Local security conflict Event icon
Event title

Sudan - Sudan Air Force Bombing of North Darfur Capital Leaves Nine Dead

Event category

Social incident - Local security conflict

Event date (UTC)

2024-03-26 13:24:07

Last update (UTC)

2024-04-15 06:51:07







Area range

Country wide event

Address/Affected area(s)


Nine civilians were killed, and 14 others were injured, including children, in an air raid on El Fasher early this morning, the second attack by the Sudanese Air Force on the city within 24 hours. The Kutum town was also bombed.
Speaking to Radio Dabanga, residents of El Fasher said that the airstrikes took place between 2:00 and 3:00. People in Kutum town, about 120 kilometres northwest of El Fasher, reported similar bombardments later this morning.
At least five houses burned to the ground, the sources added. Medics told Radio Dabanga that the injured were transferred to the city's Southern Hospital.
The air raids on El Fasher led to losses among the Rapid Support Forces (RSF) stationed in the northern and eastern parts of the city.
The El Fasher Resistance Committees said in a statement on its Facebook page that "the warplanes launched air strikes on various parts of El Fasher, on the El Wifag neighbourhood in the north, El Masnaa in the east, and Sharg El Wehda in the south, which led to the destruction of homes and factories, and the displacement of people living in El Wifag".
Kutum, under control of the RSF since June last year, witnessed aerial bombardments near the town at dawn today, residents reported. They could not give information about the losses.
The army also launched airstrikes on Kabkabiya and El Zurug last week. The RSF reported that the bombardments led to civilian casualties.
Yesterday, the Sudanese Air Force launched similar raids on RSF targets at the Halouf Gate in northern El Fasher.
On Saturday, two women were killed, and others were injured in the city's El Gubba neighbourhood as a result of an exchange of artillery shelling between the army and the RSF.
Mutual shelling last week destroyed the North Darfur Ministry of Livestock offices in El Fasher and injured several displaced people and destroyed homes in the Abu Shouk camp.

The RSF, which occupied Nyala and Zalingei in October last year, and El Geneina and Ed Daein a month later, continue their attempts to seize El Fasher, the last capital of the five Darfur states that remains for a large part under the control of the Sudanese Armed Forces (SAF).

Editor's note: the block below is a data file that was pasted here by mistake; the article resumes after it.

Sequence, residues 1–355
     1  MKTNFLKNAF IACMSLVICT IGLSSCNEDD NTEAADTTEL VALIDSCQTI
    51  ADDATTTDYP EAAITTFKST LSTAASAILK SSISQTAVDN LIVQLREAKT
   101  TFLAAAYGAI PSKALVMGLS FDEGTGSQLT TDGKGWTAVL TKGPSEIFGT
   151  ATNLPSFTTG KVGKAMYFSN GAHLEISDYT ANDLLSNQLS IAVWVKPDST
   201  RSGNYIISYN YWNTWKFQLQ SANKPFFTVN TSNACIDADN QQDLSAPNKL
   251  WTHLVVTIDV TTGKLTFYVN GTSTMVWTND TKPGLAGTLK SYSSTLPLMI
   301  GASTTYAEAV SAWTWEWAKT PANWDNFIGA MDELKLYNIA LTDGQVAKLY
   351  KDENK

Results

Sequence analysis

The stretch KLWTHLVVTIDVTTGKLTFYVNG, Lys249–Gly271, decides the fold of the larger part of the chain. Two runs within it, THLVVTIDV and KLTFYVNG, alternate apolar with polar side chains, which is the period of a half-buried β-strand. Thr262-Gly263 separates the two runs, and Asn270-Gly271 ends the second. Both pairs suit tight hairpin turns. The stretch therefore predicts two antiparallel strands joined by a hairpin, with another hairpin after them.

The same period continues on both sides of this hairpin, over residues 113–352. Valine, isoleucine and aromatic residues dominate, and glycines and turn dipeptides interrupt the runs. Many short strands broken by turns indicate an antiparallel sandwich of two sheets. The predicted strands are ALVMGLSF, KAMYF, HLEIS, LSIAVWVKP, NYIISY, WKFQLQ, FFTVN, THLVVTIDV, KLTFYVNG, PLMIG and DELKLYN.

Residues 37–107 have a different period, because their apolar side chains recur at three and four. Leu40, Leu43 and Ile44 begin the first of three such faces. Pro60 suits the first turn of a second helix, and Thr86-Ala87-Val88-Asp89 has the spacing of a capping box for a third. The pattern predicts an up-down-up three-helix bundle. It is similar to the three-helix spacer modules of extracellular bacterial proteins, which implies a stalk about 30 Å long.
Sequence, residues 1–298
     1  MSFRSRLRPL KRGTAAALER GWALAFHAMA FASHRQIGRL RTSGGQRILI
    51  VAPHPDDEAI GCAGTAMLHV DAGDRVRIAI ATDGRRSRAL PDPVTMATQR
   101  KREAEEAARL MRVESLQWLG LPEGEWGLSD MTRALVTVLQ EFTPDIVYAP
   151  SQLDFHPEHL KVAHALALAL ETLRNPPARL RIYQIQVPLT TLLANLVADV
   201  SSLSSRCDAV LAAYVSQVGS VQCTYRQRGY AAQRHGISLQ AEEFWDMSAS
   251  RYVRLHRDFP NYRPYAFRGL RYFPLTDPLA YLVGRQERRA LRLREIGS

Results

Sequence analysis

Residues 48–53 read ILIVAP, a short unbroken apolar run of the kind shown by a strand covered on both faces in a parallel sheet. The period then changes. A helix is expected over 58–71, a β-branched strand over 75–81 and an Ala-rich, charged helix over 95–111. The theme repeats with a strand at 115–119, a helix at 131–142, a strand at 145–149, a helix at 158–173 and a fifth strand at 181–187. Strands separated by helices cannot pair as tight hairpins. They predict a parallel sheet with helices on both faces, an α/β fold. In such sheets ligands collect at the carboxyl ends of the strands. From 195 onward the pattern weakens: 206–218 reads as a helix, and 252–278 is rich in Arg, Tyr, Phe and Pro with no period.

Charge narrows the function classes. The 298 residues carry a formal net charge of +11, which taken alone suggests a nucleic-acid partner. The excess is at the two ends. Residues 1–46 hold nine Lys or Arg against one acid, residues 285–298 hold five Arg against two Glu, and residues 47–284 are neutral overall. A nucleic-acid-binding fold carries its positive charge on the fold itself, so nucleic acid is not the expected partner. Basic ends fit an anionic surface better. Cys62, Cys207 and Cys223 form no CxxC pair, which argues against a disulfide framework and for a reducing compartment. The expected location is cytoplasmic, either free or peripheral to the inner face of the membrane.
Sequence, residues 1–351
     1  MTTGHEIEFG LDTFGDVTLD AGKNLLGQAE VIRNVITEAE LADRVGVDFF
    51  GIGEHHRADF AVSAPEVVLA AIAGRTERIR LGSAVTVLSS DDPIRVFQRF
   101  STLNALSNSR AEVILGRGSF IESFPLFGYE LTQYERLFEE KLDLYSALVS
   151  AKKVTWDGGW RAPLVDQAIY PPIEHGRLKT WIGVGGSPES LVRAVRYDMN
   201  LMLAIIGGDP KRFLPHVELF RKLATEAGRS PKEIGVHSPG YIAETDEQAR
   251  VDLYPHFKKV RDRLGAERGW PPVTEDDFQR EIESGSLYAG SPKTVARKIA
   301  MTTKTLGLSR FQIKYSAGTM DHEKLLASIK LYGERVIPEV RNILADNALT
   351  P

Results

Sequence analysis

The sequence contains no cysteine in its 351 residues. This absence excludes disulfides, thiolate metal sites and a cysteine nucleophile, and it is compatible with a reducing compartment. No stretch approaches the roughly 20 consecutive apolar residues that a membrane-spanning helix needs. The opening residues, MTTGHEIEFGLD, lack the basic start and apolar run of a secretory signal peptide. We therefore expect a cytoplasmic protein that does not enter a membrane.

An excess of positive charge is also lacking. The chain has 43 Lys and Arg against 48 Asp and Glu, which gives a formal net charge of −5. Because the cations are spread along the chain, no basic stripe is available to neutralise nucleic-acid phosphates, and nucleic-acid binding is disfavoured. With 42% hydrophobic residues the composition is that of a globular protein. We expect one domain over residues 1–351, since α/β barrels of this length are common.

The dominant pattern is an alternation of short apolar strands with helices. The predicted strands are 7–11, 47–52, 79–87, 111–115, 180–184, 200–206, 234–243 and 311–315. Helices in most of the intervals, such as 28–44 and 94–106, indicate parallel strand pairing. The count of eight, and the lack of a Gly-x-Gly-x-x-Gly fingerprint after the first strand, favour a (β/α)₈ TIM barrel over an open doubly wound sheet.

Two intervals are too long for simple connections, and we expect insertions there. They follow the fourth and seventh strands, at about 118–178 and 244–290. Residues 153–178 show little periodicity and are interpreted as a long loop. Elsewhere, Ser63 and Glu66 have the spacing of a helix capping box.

El Fasher is also the city where the government of the Darfur region resides and is home to the Darfur Joint Forces, made up of rebel combatants of the Sudan Liberation Movement faction led by Minni Minawi, governor of the Darfur region, other breakaway SLM groups and factions of the Justice and Equality Movement (JEM).
SAF-RSF fighting already occurred in the North Darfur capital since the start of the war in mid-April last year. In end April, the SAF gained control over the city, prompting RSF's retreat to the camps for the displaced northeast of the city and areas further north. The then North Darfur Governor Nimir Abdelrahman, a former rebel leader, managed, together with native administration leaders, police officers, and civil society activists, to make the warring parties in the region agree on a ceasefire and extend it more than once.
Following this period, the North Darfur capital witnessed fighting again. The RSF seized control of the eastern parts of the city, while the SAF fortified their hold over the western parts. Fighting continued on and off in the following months.
Security conditions began to deteriorate rapidly in El Fasher in late October as violent clashes erupted again between the two parties and led to mass displacement. An estimated 85 per cent of the population of the city's northern neighbourhoods fled their homes, either for safer areas in the south of El Fasher, for Mellit or even Libya.
Renewed SAF-RSF battles erupted last month, again prompting fears that rebel combatants would get involved in the fighting. The RSF taking full control of the city would reportedly also ignite strife between the Arab tribes supporting the RSF and the Zaghawa tribe, from which most North Darfur rebel fighters hail, and lead to a "catastrophic bloodbath" in the area.

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